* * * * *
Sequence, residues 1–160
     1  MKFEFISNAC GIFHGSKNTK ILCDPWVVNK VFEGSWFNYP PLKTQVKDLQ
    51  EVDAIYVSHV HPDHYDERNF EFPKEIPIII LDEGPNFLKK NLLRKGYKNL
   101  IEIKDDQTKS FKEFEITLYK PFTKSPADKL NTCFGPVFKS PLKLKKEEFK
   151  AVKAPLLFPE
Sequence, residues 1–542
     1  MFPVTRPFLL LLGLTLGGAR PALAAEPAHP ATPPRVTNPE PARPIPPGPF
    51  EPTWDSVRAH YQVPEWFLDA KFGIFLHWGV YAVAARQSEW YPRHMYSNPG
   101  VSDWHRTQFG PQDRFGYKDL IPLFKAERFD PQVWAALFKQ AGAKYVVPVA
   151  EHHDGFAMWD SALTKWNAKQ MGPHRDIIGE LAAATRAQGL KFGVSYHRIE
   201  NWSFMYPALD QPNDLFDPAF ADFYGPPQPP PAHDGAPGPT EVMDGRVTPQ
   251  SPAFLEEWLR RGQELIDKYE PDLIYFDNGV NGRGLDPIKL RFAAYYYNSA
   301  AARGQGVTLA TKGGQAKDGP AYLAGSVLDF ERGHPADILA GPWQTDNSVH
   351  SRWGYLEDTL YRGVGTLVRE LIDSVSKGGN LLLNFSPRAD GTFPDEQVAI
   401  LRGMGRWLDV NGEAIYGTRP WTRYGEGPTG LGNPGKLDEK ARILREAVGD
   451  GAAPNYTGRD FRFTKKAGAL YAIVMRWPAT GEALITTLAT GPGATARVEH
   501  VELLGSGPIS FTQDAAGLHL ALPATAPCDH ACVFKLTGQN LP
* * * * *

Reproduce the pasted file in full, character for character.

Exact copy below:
Sequence, residues 1–160
     1  MKFEFISNAC GIFHGSKNTK ILCDPWVVNK VFEGSWFNYP PLKTQVKDLQ
    51  EVDAIYVSHV HPDHYDERNF EFPKEIPIII LDEGPNFLKK NLLRKGYKNL
   101  IEIKDDQTKS FKEFEITLYK PFTKSPADKL NTCFGPVFKS PLKLKKEEFK
   151  AVKAPLLFPE
Sequence, residues 1–542
     1  MFPVTRPFLL LLGLTLGGAR PALAAEPAHP ATPPRVTNPE PARPIPPGPF
    51  EPTWDSVRAH YQVPEWFLDA KFGIFLHWGV YAVAARQSEW YPRHMYSNPG
   101  VSDWHRTQFG PQDRFGYKDL IPLFKAERFD PQVWAALFKQ AGAKYVVPVA
   151  EHHDGFAMWD SALTKWNAKQ MGPHRDIIGE LAAATRAQGL KFGVSYHRIE
   201  NWSFMYPALD QPNDLFDPAF ADFYGPPQPP PAHDGAPGPT EVMDGRVTPQ
   251  SPAFLEEWLR RGQELIDKYE PDLIYFDNGV NGRGLDPIKL RFAAYYYNSA
   301  AARGQGVTLA TKGGQAKDGP AYLAGSVLDF ERGHPADILA GPWQTDNSVH
   351  SRWGYLEDTL YRGVGTLVRE LIDSVSKGGN LLLNFSPRAD GTFPDEQVAI
   401  LRGMGRWLDV NGEAIYGTRP WTRYGEGPTG LGNPGKLDEK ARILREAVGD
   451  GAAPNYTGRD FRFTKKAGAL YAIVMRWPAT GEALITTLAT GPGATARVEH
   501  VELLGSGPIS FTQDAAGLHL ALPATAPCDH ACVFKLTGQN LP